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The pandemic is not over, so why is WCC running summer training programs?

The past two weeks have delivered an urgent message: the pandemic is not over.

In 48 of 50 states, the seven-day-average of new COVID-19 cases has risen. The delta variant is driving the ferocious increase in cases, becoming the dominant virus strain in a matter of weeks. In the last month, the discussion has shifted from incentives to mandates to increase vaccination rates.

The pandemic is not over.

At the same time, people are desperately trying to get back to normal. The CDC has withdrawn indoor mask mandates for fully vaccinated people. Air travel has quadrupled from slightly more than 500,000 travelers per day in July 2020 to more than 2.2M per day this week. The employment rate in June 2020 (5.9%) was slightly more than half of what it was in June 2020 (11.2%).

And yet, the pandemic is not over.

Washtenaw County vaccination rates above the pandemic average

According to the Michigan Department of Health and Human Services, Washtenaw County is approaching a 70% first-dose vaccination rate. That is the 5th-highest vaccination rate (by county) in Michigan. Despite this, Washtenaw County registered 112 cases of COVID-19 from July 8 to July 21. Of those, 33% were among people under the age of 18. As of this writing, the FDA has not approved the emergency use of any COVID-19 vaccines in children under the age of 12. That approval is likely not going to come before mid-winter 2022. 44% of cases were among adults between the ages of 23-39.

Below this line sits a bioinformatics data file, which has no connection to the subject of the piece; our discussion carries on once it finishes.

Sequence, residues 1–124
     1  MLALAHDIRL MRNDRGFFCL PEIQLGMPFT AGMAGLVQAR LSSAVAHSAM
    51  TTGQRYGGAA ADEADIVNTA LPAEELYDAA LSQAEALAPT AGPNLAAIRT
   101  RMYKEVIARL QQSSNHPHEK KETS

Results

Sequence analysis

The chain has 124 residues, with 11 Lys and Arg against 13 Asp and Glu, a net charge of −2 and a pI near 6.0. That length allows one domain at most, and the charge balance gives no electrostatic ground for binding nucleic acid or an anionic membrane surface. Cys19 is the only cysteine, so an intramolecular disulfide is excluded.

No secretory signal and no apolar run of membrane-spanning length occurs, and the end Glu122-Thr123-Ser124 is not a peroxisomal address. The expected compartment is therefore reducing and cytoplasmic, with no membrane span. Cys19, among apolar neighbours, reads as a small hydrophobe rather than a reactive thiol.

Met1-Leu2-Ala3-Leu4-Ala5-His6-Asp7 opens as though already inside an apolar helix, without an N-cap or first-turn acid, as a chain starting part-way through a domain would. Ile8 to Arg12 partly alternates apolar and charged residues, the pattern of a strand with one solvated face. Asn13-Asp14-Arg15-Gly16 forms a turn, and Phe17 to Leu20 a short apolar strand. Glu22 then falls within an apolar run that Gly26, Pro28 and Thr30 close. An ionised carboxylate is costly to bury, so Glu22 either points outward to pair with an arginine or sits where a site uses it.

Nationally, the vaccination picture does not look quite as good as Washtenaw County’s does. According to the Centers for Disease Control and Prevention, 56.9% of vaccine-eligible US-residents have received at least one dose of a vaccine. Just 49% of vaccine-eligible US residents are fully vaccinated.

Currently, most new COVID-19 cases occur among unvaccinated people. Unfortunately, the emergence of the highly virulent delta variant means that going forward, most new cases will be among adults who have chosen not to vaccinate and children, who cannot yet receive the vaccine.

From unfortunate experience, Washtenaw County knows that travel is a likely source of migration for the virus. In January, Ann Arbor was the center of an outbreak of the B.1.1.7 variant. The variant, which emerged in the U.K., arrived here following holiday travel by a university student.

The delta variant proves the pandemic is not over

Currently, Michigan has a comparatively low positivity rate – less than 5%. This owes, in part, to our typical summer humidity, which impairs the virus’s ability to spread easily. If you look at the current case map , you’ll see this is true throughout the Great Lakes region.

But the delta variant is particularly good at spreading – even in very humid locales like Florida and Louisiana. These states currently have positivity rates of between 10% and 20%. Michigan’s low positivity rate owes more to the fact that the delta variant has not yet dug in here.

So, maybe now is not the right time to welcome the trade unions back to WCC’s campus for in-person summer training programs. Perhaps it is more appropriate to consider the potential negative impact of welcoming hundreds of people from areas with higher case counts and lower vaccination rates. Perhaps it is more prudent to consider the health and well-being of those in this area (children) who cannot yet receive the vaccine.

These events do not generate significant revenue for WCC, and they’re not worth the risk they present to the community.

Remember, the pandemic is not over.

Photo Credit: US Pacific Fleet , via Flickr